Airlines will benefit from lower taxes in two ways: 1) Higher revenue as consumers and companies have more after-tax income/earnings to spend and 2) paying a lower corporate tax rate. Tax cuts boost economic growth when Americans and businesses have higher after-tax income. Individuals have more disposable income to spend, and businesses have more cash flow to invest, hire, and grow the business.
After the tax cuts, airlines that pay high [cash] taxes, such as Southwest (NYSE:LUV), will produce higher cash flows than network airlines like Delta (NYSE:DAL), American (NASDAQ:AAL), and United (NASDAQ:UAL), which will still work off NOLs (net operating loss) over the next several years. However, even the airlines that don't pay cash taxes will benefit from faster GDP growth since after-tax incomes/earnings increase for both consumers and businesses. Because the networks will eventually start paying cash taxes, they will also benefit from a lower corporate tax rate as cash flows increase in future years. This in turn increases the present value of those cash flows, which in turn increases shareholder value. Airlines will also increase share repurchases with part of the tax cut savings.
Tax cuts only represent one part of the fiscal policies proposed in the tax reform law. It doesn't take into account regulatory and welfare reform and the economic boost when some percentage of offshore cash is repatriated by U.S. companies. During Obama's time in office, U.S. companies doubled the amount of cash they shifted offshore which reduced investment and growth in the U.S. And job-killing regulation soared. Moreover, lower U.S. corporate tax rate will increase foreign investment in the U.S. A reduction of job and investment-killing regulations will boost economic growth up and above the growth derived from the tax cuts. Spending cuts have to be part of any comprehensive fiscal policy that boosts growth and changes the trajectory of debt and deficit spending. Moreover, there are some assumptions built into the government estimates that must be considered (inflates deficits via understating potential revenue). A detailed tax plan will be available once the House and Senate reconcile their plans...perhaps by next week.
If, as expected, the real GDP grows by an additional 30 basis points over the next several years, because of lower taxes, the top line airline industry revenue will grow by an additional 35 basis points (mid-point estimate). The growth multiple is greater than 1 when the economy is expanding, and less than one when contracting as it does at the end of a business cycle. An additional 30 basis points in growth, from 2.2% to 2.5%, may not sound like much. However, it represents a 13.6% increase in real growth.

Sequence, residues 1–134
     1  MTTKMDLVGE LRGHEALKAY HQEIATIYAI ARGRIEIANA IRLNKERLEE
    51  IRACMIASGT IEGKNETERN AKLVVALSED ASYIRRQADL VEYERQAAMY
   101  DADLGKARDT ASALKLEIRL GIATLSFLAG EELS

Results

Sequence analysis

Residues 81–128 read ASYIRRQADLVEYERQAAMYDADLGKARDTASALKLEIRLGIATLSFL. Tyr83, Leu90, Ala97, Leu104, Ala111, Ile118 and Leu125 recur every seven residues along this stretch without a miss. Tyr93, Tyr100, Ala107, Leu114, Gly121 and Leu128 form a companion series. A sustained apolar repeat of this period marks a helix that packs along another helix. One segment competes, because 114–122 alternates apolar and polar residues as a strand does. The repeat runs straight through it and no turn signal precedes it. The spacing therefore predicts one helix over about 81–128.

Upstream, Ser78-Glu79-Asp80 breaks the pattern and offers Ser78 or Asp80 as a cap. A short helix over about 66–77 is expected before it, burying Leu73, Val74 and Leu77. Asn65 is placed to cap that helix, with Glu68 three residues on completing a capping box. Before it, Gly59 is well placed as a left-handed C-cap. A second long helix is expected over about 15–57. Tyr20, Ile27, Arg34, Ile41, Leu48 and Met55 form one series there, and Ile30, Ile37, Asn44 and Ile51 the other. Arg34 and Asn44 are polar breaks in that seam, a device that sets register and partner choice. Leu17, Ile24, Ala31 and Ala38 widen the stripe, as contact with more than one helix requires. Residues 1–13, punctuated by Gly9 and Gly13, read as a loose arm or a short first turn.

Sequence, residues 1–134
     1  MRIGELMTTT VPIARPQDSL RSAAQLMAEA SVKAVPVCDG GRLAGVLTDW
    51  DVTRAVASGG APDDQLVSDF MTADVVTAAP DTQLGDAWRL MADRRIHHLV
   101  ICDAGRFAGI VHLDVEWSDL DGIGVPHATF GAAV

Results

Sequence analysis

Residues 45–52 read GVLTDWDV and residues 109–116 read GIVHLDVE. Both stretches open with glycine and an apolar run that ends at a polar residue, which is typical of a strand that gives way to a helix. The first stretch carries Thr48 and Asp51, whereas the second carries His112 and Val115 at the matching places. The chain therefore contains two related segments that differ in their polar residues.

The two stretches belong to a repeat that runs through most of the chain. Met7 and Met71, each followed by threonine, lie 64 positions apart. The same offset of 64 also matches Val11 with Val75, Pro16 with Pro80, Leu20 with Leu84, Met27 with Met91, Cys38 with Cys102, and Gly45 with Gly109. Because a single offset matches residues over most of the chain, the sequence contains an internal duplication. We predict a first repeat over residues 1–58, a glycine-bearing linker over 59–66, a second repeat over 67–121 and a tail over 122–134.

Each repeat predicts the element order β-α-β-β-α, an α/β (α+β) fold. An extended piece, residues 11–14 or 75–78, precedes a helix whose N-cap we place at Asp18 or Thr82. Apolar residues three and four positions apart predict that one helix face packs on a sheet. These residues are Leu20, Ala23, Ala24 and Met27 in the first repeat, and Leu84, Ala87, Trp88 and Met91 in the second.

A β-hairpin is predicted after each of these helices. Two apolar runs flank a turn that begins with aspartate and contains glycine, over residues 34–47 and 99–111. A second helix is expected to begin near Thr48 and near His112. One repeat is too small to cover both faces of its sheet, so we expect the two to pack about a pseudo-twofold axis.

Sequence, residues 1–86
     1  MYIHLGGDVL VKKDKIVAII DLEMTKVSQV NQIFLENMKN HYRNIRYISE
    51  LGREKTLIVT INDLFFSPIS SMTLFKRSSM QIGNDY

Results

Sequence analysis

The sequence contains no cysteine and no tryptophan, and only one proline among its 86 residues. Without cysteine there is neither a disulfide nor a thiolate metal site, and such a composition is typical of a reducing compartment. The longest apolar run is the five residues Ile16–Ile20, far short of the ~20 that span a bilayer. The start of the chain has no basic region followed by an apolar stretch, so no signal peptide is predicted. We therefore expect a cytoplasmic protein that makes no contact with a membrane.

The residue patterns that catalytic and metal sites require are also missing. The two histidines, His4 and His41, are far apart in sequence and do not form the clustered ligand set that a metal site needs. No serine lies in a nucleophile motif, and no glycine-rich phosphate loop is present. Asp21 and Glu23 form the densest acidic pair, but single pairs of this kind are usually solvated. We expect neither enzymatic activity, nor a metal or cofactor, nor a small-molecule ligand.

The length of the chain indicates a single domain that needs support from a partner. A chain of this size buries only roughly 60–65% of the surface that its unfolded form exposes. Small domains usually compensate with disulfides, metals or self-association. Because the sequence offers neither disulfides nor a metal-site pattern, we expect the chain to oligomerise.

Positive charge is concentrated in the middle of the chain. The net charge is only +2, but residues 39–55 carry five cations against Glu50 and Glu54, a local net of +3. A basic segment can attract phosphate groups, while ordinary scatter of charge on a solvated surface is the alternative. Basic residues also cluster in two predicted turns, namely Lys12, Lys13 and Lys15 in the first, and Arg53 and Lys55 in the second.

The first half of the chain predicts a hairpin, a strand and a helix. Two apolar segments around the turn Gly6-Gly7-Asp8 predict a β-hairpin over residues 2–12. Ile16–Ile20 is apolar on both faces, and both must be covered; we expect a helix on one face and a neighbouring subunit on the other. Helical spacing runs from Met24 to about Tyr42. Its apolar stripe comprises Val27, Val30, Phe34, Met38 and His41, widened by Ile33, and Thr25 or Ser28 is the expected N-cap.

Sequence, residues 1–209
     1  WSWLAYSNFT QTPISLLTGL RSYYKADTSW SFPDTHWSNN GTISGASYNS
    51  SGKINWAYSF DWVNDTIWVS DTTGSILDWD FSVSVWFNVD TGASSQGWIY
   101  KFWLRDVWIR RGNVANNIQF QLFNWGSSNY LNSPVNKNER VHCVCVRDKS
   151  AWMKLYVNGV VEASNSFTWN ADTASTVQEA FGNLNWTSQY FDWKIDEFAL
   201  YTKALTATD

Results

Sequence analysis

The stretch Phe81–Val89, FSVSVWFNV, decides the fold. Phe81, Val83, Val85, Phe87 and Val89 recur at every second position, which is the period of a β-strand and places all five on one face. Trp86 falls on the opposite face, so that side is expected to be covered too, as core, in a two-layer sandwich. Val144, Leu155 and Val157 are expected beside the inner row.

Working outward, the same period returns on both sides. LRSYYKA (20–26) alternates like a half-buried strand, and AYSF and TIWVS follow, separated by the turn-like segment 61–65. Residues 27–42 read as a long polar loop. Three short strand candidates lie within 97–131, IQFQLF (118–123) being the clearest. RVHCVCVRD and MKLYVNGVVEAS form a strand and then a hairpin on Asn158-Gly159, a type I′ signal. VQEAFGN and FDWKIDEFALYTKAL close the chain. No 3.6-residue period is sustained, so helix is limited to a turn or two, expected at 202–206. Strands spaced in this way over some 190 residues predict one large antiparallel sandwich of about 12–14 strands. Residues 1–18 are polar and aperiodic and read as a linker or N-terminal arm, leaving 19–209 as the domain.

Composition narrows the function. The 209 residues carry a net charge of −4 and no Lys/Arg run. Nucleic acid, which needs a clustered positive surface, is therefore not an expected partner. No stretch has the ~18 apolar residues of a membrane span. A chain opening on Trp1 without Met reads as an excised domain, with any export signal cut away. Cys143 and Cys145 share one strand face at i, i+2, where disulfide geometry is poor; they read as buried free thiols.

Airline pre-tax earnings increase because the economy grows faster when consumers and businesses keep more of their income. Airline after-tax earnings increase because of lower tax rates. So, tax cuts provide airlines with a double benefit, boosting their bottom line (net earnings) by 20-30%, all else held constant. However, all else is rarely held constant. For example, airlines, especially lower-cost airlines like Southwest will pass along more of the tax savings to the consumer in the form of lower fares. So, my expectation is that airlines will keep roughly 50% of the lower tax savings (i.e., increased profits) as they attempt to grow market share faster than the competition. Of course, if one airline lowers its fares, typically all others are forced to follow suit and the consumer benefits. Lower fares result in higher passenger volumes and faster airline seat capacity growth. Higher growth boosts job growth and capital expenditures (e.g., aircraft sales), which in turn boosts economic growth. A positive feedback loop that benefits all stakeholders.
The bottom line is that individual after-tax incomes and corporate earnings increase with lower tax rates, and these boosts in disposable income and cash-flows will increase top- and bottom-line returns for the airline industry. Airlines will share additional cash flows and profits with employees via increased profit share and wage growth, and passengers will benefit from lower fares. Those who own the assets, the shareholders, will also benefit via increased share repurchases and earnings and so will the broader economy as more people can afford to fly. Furthermore, increased market values of corporate America increase the wealth effect, which results in additional spending. Hence the tax reductions are a win, win, win, and win for all stakeholders, including the broader economy and the middle class.
Disclosure: I/we have no positions in any stocks mentioned, and no plans to initiate any positions within the next 72 hours.
I wrote this article myself, and it expresses my own opinions. I am not receiving compensation for it. I have no business relationship with any company whose stock is mentioned in this article.